France has some of the most strict marijuana laws that are punishable by fines and jail sentences. While the rest of the world is focusing on the growing cannabis industry, France has stayed strict with their policies. A special hearing at the United Nations was called recently to discuss how France’s views on Cannabis will not be tolerated and is not in alignment with other members of the European Union. The pressure from the UN’s special summit on drugs may force France to reevaluate their views on marijuana.
For 45 years, governments in France have held on to some of the harshest and most outdated cannabis policies in Europe. And even though change is happening all around the EU, with neighbors Spain and Italy pushing toward reform, it still seems hard for this “country of liberties” to escape the vicious circle of cannabis prohibition.
After a series of massive terror attacks on French soil, the world rose up in solidarity to celebrating the French values of freedom, fraternity, and equality apparently — qualities apparently targeted by the attackers. But those ethical values, inherited from the French Revolution, know one exception: the approach to drugs and drug users — and in particular, cannabis consumers.
The obvious contradiction of between the policy and the freedoms enshrined in the French constitution has been pointed out, but it hasn’t moved the political needle. It hardly seems to matter if a left- or right-wing government is in power. The present government’s plan against drugs is one of the toughest ever, despite socialist President François Hollande’s supposedly softer approach.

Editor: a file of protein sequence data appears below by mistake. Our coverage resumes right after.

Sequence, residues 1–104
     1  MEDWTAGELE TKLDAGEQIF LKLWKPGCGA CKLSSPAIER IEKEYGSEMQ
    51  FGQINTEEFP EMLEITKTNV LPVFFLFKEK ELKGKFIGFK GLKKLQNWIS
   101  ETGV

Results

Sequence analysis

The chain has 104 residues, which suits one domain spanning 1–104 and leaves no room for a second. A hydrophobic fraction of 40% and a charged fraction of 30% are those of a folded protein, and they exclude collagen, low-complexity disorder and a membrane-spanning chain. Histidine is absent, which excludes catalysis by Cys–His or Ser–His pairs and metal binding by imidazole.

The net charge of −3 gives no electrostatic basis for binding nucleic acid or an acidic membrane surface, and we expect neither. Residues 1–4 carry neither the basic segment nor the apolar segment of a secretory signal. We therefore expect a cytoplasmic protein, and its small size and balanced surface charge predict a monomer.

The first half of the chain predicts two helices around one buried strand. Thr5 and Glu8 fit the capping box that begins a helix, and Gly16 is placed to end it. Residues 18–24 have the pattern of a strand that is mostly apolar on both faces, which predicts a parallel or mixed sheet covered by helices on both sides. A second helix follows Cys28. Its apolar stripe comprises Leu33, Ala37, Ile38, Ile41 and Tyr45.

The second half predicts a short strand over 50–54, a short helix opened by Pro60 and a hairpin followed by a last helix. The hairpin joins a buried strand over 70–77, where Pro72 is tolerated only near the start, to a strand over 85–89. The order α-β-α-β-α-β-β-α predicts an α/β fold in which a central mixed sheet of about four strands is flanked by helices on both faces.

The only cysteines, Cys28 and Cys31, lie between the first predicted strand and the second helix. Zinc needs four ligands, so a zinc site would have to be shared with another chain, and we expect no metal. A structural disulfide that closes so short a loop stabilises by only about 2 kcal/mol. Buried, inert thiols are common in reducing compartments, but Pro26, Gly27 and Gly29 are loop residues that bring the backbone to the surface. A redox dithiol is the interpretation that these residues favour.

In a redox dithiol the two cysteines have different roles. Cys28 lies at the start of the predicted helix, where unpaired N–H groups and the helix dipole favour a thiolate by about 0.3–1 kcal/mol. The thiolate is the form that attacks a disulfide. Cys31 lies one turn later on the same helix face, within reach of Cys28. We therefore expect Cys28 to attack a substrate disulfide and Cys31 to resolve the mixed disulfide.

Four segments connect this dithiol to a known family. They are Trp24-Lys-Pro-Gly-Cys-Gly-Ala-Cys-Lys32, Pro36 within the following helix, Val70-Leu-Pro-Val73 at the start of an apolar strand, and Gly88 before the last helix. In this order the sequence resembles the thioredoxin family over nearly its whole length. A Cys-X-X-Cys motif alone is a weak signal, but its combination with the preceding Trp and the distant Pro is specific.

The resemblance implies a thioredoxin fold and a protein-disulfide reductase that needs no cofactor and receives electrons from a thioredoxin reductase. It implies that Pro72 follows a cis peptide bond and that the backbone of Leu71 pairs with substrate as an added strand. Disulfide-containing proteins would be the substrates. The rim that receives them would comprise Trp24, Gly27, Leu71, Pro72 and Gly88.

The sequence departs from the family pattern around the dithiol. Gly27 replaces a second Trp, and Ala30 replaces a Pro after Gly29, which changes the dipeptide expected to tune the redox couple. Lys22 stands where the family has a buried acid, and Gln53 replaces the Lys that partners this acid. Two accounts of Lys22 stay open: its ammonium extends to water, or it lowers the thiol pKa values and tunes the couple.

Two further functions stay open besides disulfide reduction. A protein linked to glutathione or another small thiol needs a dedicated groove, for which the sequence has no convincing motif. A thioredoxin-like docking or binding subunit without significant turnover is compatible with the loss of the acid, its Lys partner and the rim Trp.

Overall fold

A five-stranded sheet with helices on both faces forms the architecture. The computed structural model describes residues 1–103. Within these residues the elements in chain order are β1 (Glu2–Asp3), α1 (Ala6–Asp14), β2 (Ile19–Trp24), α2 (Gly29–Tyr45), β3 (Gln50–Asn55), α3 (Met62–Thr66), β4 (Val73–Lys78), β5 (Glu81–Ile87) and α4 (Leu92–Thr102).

The consequences of these repressive policies make France stand out rather awkwardly against the backdrop of other EU countries. Access to medical cannabis is still nonexistent, while consumption is among the highest in Europe and keeps rising. Poor-quality, expensive, potentially unhealthy hashish is about the only thing most consumers can buy.
At the same time, drug-related violence is exploding across France. And it’s no longer confined to neglected neighborhoods or cities like Marseille that have a reputation for smuggling and drug trade. The dealing and associated violence has spread even to downtown areas and calm, quiet neighborhoods.
A thin ray of hope emerged this summer, after French drug czar Danièle Jourdain-Menninger declared it “no more bearable today to have provisions in our Criminal Code providing jail penalties for drug use.” But what should have been big news went largely unnoticed by French and international media.
The United Nations’ special summit on drugs, held last April in New York, made yet another thing clear: The government acknowledged that France’s present cannabis policies are closer to those of some of the world’s most disreputable nations than to policies of most fellow EU members.
Less than nine months before the presidential elections, the acknowledgment by drug czar Jourdain-Menninger opened the door for a meaningful debate about the merits of cannabis prohibition. Emmanuel Macron, a possible candidate for the presidency, has already seized the opportunity, calling legalization an effective way to deal with current problems. Will France finally free its citizens of cannabis prohibition? Only time, and the mobilization of civil society, will tell.